The effects of climate change are already visible in many places, researchers say. However, most people do not see the need for action. Why is that? Psychologists know the answer.
On climate change, excited “deny” the word (in English “denial”) tempers. So it rained at the American author Kari Norgaard masse Drohmails of climate skeptics, when she published the book “Living in Denial: Climate Change, Emotions, and Everyday Life.”
This involves the psychologist from the University of Oregon not about the small minority who denies that a human-influenced climate change is happening. What Norgaard rather interested, are the reasons why not to implement the vast majority of the population in industrialized countries that do not provide the findings of climate science in question, the knowledge still in everyday life.
“How can that be? We know so much about the urgency of the problems of climate change. But if you look around, you get the impression that either no one knows anything or it interests anyone,” Norgaard said in an interview with DW at one of the University of the Arctic organized event in Norway Tromso. It speaks of an “incredible gap between the moral, social and environmental crisis and a broad understanding of the urgent need to do something about it.”
Visible but not perceived?
The U.S. researcher spent ten months in a community in the north of Norway, so in a country where much newspaper is read, the people are politically active and climate change is not in doubt.
She lived there a very warm winter, when the snow came two months later than usual, with consequences for the important branches of agriculture and tourism. Nevertheless, it was for the issue of climate change in the social and political life “invisible”. Although the media reported on a correlation between the warm winter and global warming, there were no responses.
Norgaard describes this as “socially organized denial”: Although people are informed of the results of climate research, they do not bring this knowledge with their political, social and private life in connection. This is typical of the way the consumers in wealthy industrialized countries, with global warming. Even in their home country, the United States, suffered some regions already under climate change with disadvantages for the economy. But no one wanted to accept that this was linked to their own lifestyle and unpleasant behavior change requires.
“People first, have anxiety about the world and its future. Secondly, they feel guilty because they know that our high quality of life, based on the use of fossil fuels, is directly connected with the problem. Additionally there is a feeling of helplessness, because the problem seems so huge and does not respond to politics. ”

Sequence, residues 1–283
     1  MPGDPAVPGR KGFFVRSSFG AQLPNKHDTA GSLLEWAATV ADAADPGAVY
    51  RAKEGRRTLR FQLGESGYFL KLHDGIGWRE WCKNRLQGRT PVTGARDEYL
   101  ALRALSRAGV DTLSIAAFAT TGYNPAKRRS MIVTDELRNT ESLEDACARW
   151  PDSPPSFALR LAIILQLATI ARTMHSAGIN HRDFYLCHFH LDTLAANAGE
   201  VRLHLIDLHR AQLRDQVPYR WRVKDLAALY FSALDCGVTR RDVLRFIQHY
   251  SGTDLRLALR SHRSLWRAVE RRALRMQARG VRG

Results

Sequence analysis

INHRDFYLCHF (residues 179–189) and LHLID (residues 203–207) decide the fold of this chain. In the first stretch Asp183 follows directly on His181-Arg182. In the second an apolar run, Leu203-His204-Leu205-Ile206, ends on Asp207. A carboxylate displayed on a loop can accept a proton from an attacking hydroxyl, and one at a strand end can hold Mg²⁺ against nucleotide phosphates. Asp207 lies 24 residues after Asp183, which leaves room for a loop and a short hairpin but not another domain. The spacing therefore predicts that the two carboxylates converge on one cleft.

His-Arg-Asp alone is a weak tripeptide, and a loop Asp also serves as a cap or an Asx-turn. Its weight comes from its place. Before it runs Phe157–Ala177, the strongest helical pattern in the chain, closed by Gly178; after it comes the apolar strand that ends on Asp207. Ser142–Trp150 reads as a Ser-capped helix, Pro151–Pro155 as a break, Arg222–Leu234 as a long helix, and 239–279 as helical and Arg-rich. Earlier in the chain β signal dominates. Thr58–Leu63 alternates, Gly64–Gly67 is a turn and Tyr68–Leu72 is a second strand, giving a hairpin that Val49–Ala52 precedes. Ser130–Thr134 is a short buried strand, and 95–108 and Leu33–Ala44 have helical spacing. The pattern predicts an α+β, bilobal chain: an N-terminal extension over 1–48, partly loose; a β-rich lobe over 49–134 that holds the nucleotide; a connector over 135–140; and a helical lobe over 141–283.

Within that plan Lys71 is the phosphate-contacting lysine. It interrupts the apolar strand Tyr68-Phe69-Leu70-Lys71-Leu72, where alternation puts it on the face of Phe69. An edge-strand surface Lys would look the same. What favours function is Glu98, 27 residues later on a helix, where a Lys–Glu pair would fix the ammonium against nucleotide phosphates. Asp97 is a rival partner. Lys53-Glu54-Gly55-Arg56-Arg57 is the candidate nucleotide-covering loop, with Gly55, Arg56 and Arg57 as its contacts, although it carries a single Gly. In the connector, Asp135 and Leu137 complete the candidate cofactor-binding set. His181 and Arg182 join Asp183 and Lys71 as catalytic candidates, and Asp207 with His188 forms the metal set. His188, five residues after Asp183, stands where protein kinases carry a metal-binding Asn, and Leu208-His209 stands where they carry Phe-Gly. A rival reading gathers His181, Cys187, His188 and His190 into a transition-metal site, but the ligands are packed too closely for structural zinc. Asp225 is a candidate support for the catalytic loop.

People prefer to live as they had the worrying information about the non-climate change, says the psychologist. She compares this behavior with psychological findings about the reasons why many people ignored the Holocaust or the use of the atomic bomb during World War II. They try to protect themselves by, go unpleasant facts and the need to do something out of the way.
Per Espen Stoknes is a psychologist at the “Center for Climate Strategy” of the “Norwegian Business Institute” NBI. The communication of climate science have left such psych logical defense mechanisms except eight, he explained in an interview with DW. “It has long assumed that the facts would be sufficient alone But there are psychological barriers that prevent you from what us the Science tells really takes. That has underestimated until now. ”
Climate change is perceived as something far away, so Stoknes. On the one hand, a prediction of the IPCC for the year 2100 was temporally far away. Melting ice in the Arctic or a Meeresspiegelansteig in Bangladesh or the Maldives again appeared geographically out of reach.
The more we know about climate change, the less seems to be the concern about its impact, says Stoknes. He cites surveys in Norway: “Today only see four out of ten respondents to climate change as a problem.”
While 97 percent of climate scientists was agreement about the existence of climate change, the public had the impression that there were only 55 percent. The publicity on climate change called the Norwegian psychologist as “the greatest Kommunikationsgau all time”. The scientists would have less present and intensified engage in a dialogue.
The media also played a role: “We know that around 85 percent of all media reports on climate are more disaster reports, we also know that this means that people avoid the subject..” We Also suppose the extent of climate reporting from around the globe, says media and climate researcher Elisabeth Eide of the University of Bergen. She speaks of “climate fatigue” in society and in the media.
How do you get people to change their behavior?
If the researchers are right and the lack of use is more psychologically motivated for Climate Protection, the problem also needs psychological solutions. “We have to get away from negativity and disasters and workable solutions make it attractive,” says Stoknes.
Also Norgaard argues for positive examples. Green behavior should be normal in society, proposes psychologist Stoknes. He is also thinking about online campaigns, where people register their energy savings and compare them with those of their neighbors. Environmental and climate-friendly solutions such as double-sided printing in photocopying or energy-saving appliances should be the Erstoptionen.
If you could make it, that the people would not be overwhelmed and paralyzed by disaster scenarios, and one “green economy” could show as an attractive option for the future to them the possibilities, one would the “denying emotional need” simply no longer trigger, which itself is Stoknes sure.